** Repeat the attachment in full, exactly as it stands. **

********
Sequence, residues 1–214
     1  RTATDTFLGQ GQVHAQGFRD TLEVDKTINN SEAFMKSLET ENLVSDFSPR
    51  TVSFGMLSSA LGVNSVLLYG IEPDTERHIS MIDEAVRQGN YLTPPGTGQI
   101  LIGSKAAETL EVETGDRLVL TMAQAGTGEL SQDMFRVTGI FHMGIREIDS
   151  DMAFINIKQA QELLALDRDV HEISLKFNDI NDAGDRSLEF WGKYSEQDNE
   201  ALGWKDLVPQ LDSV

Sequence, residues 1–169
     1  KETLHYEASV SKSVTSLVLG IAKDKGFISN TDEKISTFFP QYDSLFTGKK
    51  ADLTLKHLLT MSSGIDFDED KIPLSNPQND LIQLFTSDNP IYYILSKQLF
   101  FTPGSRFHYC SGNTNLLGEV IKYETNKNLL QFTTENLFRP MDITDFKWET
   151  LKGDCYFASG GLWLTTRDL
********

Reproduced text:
Sequence, residues 1–214
     1  RTATDTFLGQ GQVHAQGFRD TLEVDKTINN SEAFMKSLET ENLVSDFSPR
    51  TVSFGMLSSA LGVNSVLLYG IEPDTERHIS MIDEAVRQGN YLTPPGTGQI
   101  LIGSKAAETL EVETGDRLVL TMAQAGTGEL SQDMFRVTGI FHMGIREIDS
   151  DMAFINIKQA QELLALDRDV HEISLKFNDI NDAGDRSLEF WGKYSEQDNE
   201  ALGWKDLVPQ LDSV

Sequence, residues 1–169
     1  KETLHYEASV SKSVTSLVLG IAKDKGFISN TDEKISTFFP QYDSLFTGKK
    51  ADLTLKHLLT MSSGIDFDED KIPLSNPQND LIQLFTSDNP IYYILSKQLF
   101  FTPGSRFHYC SGNTNLLGEV IKYETNKNLL QFTTENLFRP MDITDFKWET
   151  LKGDCYFASG GLWLTTRDL